La bohème

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La bohème is an opera in four acts by Giacomo Puccini to an Italian libretto by Luigi Illica and Giuseppe Giacosa, based on Scènes de la vie de bohème by Henri Murger.[1] The world premiere performance of La bohème was in Turin on 1 February 1896 at the Teatro Regio[2] and conducted by the young Arturo Toscanini. Since then La bohème has become part of the standard Italian opera repertory and is one of the most frequently performed operas internationally. According to Opera America, it is the second most frequently performed opera in the United States,[3] just behind another Puccini opera, Madama Butterfly. In 1946, fifty years after the opera's premiere, Toscanini conducted a performance of it on radio with the NBC Symphony Orchestra. This performance was eventually released on records and on Compact Disc. It is the only recording of a Puccini opera by its original conductor (see Recordings below).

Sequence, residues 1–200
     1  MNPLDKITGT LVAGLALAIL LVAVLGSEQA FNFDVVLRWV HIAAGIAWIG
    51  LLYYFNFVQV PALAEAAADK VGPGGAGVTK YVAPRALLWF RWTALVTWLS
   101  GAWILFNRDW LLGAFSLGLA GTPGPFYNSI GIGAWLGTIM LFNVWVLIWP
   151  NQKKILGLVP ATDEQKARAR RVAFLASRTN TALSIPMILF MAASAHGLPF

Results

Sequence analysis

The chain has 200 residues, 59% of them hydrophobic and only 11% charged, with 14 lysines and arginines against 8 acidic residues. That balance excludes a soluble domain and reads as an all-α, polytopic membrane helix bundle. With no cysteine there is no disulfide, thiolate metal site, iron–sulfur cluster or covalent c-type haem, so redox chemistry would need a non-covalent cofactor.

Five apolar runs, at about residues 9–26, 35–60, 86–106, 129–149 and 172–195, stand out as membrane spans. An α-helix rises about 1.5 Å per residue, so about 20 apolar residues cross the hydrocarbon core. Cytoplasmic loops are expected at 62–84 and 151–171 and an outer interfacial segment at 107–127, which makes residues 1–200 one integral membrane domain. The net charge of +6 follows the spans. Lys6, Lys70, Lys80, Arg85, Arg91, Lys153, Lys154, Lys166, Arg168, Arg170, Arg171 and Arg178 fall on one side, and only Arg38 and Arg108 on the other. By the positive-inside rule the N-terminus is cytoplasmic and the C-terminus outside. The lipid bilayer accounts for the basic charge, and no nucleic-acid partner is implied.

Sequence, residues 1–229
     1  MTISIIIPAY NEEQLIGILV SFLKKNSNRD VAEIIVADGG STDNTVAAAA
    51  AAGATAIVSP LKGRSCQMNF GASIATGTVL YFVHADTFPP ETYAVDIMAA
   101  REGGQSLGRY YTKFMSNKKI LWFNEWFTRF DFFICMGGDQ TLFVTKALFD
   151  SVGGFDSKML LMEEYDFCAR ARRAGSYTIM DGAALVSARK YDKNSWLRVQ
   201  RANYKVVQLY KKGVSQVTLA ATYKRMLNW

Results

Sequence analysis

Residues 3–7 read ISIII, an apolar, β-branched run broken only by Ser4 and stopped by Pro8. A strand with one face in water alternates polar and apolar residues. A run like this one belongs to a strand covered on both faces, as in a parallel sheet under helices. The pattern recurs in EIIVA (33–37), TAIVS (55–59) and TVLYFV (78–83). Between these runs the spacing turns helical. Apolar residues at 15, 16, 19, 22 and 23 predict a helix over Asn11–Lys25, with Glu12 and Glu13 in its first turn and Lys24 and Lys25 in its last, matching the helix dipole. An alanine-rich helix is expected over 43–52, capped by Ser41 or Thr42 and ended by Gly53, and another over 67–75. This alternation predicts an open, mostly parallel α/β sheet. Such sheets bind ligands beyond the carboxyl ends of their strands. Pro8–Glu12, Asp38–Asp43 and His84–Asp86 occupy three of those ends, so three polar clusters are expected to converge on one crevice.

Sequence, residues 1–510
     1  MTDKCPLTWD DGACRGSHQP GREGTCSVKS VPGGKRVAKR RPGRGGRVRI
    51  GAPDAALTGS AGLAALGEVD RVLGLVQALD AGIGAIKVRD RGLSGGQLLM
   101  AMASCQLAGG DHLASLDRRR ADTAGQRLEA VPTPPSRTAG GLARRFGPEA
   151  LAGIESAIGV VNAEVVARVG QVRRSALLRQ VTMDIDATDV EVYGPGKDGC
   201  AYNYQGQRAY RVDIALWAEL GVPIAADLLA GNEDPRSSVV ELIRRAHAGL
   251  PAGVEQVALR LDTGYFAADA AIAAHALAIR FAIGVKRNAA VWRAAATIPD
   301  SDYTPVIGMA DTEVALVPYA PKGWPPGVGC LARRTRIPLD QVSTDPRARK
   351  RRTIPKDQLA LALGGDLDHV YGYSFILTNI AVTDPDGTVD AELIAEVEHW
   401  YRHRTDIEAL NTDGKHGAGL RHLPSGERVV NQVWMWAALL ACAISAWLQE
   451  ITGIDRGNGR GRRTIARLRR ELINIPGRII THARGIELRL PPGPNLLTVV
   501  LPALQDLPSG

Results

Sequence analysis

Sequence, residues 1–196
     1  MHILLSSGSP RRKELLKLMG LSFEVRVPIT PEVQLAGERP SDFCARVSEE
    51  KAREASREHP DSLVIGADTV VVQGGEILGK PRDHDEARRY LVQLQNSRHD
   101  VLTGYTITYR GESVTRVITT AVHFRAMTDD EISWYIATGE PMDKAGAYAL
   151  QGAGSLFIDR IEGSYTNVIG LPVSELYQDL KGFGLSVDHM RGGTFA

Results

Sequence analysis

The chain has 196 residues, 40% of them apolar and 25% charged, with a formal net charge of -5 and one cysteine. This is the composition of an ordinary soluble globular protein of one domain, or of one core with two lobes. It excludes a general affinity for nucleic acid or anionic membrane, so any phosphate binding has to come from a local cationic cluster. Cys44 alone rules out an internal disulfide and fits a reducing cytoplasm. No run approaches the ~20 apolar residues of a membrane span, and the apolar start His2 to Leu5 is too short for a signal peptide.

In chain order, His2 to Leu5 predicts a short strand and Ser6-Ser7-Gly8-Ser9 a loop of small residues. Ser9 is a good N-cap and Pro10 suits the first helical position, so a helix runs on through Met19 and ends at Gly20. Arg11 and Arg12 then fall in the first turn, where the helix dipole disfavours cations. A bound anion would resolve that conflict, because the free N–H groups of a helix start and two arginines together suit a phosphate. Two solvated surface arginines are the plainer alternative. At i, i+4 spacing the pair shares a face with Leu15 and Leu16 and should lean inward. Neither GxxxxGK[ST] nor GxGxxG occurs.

Origin of the story

According to its title page, the libretto of La bohème is based on Henri Murger's novel, Scènes de la vie de bohème, but that novel is a collection of vignettes with no unified plot. Like the 1849 play by Murger and Théodore Barrière, the opera's libretto focuses on the relationship between Rodolfo and Mimì, ending with her death. Also like the play, the libretto combines two characters from the novel, Mimì and Francine, into a single Mimì character.

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